Sebastian Gray is Co-Founder and Senior Vice President, Dugout, a media company which works with football clubs, leagues and federations to help repackage, distribute and monetize their video content. We caught up with Gray to find out about his typical day.
Please describe your job: What do you do?
We’re a digital media company owned by 10 of the world’s biggest football clubs, and we create and distribute video content using current and archive footage. We work in partnership with 100+ clubs, national football federations and leagues, helping them engage with their digital fanbase via a network of premium global publishers.
As a co-founder I end up wearing many hats, whether it be communicating with clubs, helping our ad partners, or developing our product, most importantly it’s working with a great team.
How has your typical day been impacted in the short term by the pandemic?
Having no commute has had a big impact, and provided me with additional time to do other things. I start the day with a run or pilates, then a coffee and calls with South East Asia, before a daily meeting with our leads for clubs, publishers and advertisers. We set out tasks and objectives, and tackle any issues on a daily basis to keep our rapid growth.
Before the pandemic I used to spend 2-3 days each week on a plane, travelling to various meetings around the world. We’re seeing a lot of efficiencies across the business with less travelling and I think this will have a longer-term impact on the way we work.
Still, nothing beats a face-to-face meeting and a personal relationship.
What are your favourite tools and techniques to help you get your work done at the moment?
One obvious tool that we’re all relying on right now is video calls. I prefer video to voice; audio is great but without face-to-face meetings, video has become so important.
In terms of techniques, I believe it’s good to understand what we are trying to achieve from a practical point of view in the next week, in the next month, and in the longer term, so we can accelerate the growth of the company. My other personal action point is that at 5pm on Sunday, I clear my emails and plan for the following week.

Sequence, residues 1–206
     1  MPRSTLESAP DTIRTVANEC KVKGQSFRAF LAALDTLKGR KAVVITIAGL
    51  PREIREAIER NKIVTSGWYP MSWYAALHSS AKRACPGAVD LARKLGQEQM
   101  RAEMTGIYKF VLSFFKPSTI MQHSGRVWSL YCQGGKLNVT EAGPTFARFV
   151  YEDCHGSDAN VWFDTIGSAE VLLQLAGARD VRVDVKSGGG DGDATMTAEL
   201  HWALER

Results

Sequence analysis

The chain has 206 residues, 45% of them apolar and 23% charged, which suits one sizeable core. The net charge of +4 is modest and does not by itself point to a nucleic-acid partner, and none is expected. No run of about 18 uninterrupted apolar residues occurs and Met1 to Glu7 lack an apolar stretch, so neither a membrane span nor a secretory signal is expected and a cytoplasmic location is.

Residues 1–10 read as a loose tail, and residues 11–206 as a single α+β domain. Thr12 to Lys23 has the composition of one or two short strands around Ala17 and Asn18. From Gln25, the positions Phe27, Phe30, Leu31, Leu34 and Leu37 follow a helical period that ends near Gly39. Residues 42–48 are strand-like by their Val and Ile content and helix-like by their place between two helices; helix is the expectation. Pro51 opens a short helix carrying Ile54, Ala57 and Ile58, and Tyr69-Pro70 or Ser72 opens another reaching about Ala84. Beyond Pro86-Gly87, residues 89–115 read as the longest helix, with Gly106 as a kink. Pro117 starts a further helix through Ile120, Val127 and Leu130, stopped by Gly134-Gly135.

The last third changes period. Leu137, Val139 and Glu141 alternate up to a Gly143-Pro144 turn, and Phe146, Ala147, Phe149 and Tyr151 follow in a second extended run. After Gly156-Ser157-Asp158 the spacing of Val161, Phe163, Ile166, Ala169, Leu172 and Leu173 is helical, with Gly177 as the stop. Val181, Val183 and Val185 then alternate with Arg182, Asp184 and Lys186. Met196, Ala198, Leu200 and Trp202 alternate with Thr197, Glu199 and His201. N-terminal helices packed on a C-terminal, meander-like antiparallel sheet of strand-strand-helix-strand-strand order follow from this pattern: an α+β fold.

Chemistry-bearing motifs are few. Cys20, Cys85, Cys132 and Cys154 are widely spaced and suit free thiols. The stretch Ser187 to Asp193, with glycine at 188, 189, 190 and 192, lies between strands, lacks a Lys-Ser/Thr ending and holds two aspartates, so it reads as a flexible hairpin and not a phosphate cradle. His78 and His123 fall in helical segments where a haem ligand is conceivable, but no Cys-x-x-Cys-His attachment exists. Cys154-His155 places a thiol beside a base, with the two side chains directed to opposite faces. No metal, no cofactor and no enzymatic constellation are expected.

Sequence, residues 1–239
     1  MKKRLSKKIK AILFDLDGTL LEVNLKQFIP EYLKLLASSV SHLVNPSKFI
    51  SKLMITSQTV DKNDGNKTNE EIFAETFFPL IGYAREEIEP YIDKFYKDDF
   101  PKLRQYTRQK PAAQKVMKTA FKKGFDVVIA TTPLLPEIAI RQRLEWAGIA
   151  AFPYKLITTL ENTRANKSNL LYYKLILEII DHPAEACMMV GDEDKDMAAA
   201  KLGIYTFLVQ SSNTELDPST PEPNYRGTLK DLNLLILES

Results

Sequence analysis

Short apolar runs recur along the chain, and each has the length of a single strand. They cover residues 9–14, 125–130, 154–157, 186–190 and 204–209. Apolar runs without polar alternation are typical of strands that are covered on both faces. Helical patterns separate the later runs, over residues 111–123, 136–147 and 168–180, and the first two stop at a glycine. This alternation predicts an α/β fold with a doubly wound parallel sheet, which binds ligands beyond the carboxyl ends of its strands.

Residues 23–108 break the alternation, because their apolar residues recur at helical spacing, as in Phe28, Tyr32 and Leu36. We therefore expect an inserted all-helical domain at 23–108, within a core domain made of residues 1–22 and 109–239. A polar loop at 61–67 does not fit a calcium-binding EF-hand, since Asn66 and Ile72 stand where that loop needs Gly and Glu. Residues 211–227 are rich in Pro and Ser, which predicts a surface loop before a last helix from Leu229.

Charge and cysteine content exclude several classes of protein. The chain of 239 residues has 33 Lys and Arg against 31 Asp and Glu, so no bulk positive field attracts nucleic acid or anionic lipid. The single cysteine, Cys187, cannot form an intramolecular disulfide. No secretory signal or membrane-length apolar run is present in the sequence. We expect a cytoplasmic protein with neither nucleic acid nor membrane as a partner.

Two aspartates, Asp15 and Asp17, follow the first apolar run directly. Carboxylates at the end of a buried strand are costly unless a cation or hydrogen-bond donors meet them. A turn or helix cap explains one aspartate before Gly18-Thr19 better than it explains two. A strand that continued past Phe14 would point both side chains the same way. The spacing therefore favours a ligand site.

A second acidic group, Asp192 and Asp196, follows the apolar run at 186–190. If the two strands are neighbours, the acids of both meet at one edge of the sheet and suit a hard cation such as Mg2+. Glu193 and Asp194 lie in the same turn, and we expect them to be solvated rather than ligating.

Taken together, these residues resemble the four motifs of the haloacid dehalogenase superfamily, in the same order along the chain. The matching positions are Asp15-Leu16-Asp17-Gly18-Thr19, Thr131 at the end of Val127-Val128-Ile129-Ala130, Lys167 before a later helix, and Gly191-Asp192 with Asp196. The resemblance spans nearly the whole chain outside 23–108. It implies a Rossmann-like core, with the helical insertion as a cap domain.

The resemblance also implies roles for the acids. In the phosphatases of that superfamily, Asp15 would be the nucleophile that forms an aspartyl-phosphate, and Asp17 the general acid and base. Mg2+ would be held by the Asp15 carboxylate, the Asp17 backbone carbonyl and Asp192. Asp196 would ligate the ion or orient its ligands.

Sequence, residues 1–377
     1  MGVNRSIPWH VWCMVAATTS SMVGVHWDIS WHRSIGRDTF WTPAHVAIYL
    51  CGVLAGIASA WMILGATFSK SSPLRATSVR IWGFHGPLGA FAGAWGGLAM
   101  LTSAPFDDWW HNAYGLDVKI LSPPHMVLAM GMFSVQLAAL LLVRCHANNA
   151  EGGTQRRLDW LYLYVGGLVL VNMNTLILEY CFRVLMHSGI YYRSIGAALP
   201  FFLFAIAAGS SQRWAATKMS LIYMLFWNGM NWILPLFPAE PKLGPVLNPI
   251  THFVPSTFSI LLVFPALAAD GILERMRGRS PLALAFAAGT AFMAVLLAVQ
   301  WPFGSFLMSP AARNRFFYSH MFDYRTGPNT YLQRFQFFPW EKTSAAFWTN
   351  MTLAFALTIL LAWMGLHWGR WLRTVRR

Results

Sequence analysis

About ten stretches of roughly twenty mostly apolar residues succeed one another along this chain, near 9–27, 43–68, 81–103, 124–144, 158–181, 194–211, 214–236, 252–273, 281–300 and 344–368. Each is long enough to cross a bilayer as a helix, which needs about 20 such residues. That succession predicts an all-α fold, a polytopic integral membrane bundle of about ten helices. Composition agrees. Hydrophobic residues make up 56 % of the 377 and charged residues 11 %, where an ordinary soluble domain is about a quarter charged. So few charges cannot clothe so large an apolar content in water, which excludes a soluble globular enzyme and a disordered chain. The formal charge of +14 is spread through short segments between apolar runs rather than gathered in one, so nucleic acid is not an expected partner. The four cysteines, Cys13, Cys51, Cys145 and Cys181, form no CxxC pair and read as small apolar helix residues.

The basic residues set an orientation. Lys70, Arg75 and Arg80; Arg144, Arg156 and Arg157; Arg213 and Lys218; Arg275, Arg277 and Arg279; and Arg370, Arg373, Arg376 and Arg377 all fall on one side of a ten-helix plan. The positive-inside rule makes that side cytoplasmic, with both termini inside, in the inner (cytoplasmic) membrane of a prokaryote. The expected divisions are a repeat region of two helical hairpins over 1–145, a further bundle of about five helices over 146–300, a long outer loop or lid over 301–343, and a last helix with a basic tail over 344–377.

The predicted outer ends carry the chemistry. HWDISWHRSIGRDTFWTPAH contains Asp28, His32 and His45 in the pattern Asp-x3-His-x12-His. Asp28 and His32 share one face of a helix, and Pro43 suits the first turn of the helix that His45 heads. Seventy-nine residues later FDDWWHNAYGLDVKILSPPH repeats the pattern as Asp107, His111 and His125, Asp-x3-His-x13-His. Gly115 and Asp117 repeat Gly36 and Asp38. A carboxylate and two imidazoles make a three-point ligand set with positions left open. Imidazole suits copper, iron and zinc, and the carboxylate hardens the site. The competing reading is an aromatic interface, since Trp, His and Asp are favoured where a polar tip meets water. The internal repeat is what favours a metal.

I also have a number of apps, custom built feeds and tools set up so I can keep up-to-date with the news.There is so much great personal technology to support you today.
Which companies have impressed you since the outbreak?
Outside of football, which has innovated in many areas, Formula 1 has been phenomenal in the sports sector. They have maintained a strong presence across all different mediums, getting drivers and teams involved, and embracing esports with the eGrand Prix. It’s really impressive when you consider the size of the sport, and the way they have had to postpone races. The football clubs and publishers we work with have also impressed me with their willingness to try new things in the absence of live matches.
Others have stood out for their community spirit in response to the crisis. Brands such as Brewdog and LVMH put their facilities to good use to provide the public with much-needed hand sanitisers. Chelsea F.C. took a different route by lending rooms to NHS staff in its Stamford Bridge-based hotel. And there have many more honourable examples of generosity; far too many to list here.
What changes are you making to help your brand connect with how people are feeling and experiencing the pandemic?
We live our lives at a certain pace, and we consume content at the same pace. Covid-19 has been forcing people to stay at home, and so they have more time to look for content and their dwell time is also longer. At Dugout we’re reflecting these changes in behaviour patterns by providing longer form, more nourishing content that triggers emotional connections, because people have more patience to absorb those moments.
What trends have you seen in the last few weeks in your sector?
When the Bundesliga came back, we saw a much needed spike in traffic as fans got to see live matches again. However it’s a new product without fans in the stadium so there are some adjustments to be made. The emphasis is very much on securing audience time when sports fans are looking to be entertained, but there is not a lot of live content. As a result there’s been a move towards content diversity, new strands, docuseries.
What advice would you give a marketer right now?
I would say understand your customer and value proposition. If you have something you can offer that provides value to the customer over this period, then now is the time to target this. There are many great apps that have seen huge downloads; whether that’s for fitness, socialising, or gaming. Businesses have been forced to innovate, but it all starts with a clear message of value proposition to your customer.
What does long term planning and strategy look like now at your brand?
Our main objective is always our customers – whether that’s a fan, club, publisher or brand – it’s about how Dugout can provide the best service for them. We’ve recently announced some exciting new global partnerships with publishers Suning, Onefootball and Sports Illustrated, and we’re also working with Verizon Media on the brand side. Because the core of our business is premium football video, Covid-19 hasn’t changed our long-term strategy, it has just helped us focus on where the most valuable parts of our ecosystem are.
Our anchor is ‘what do fans want?’ and ‘How do we service that?’.
For more on coping with the crisis, visit Econsultancy’s coronavirus hub page.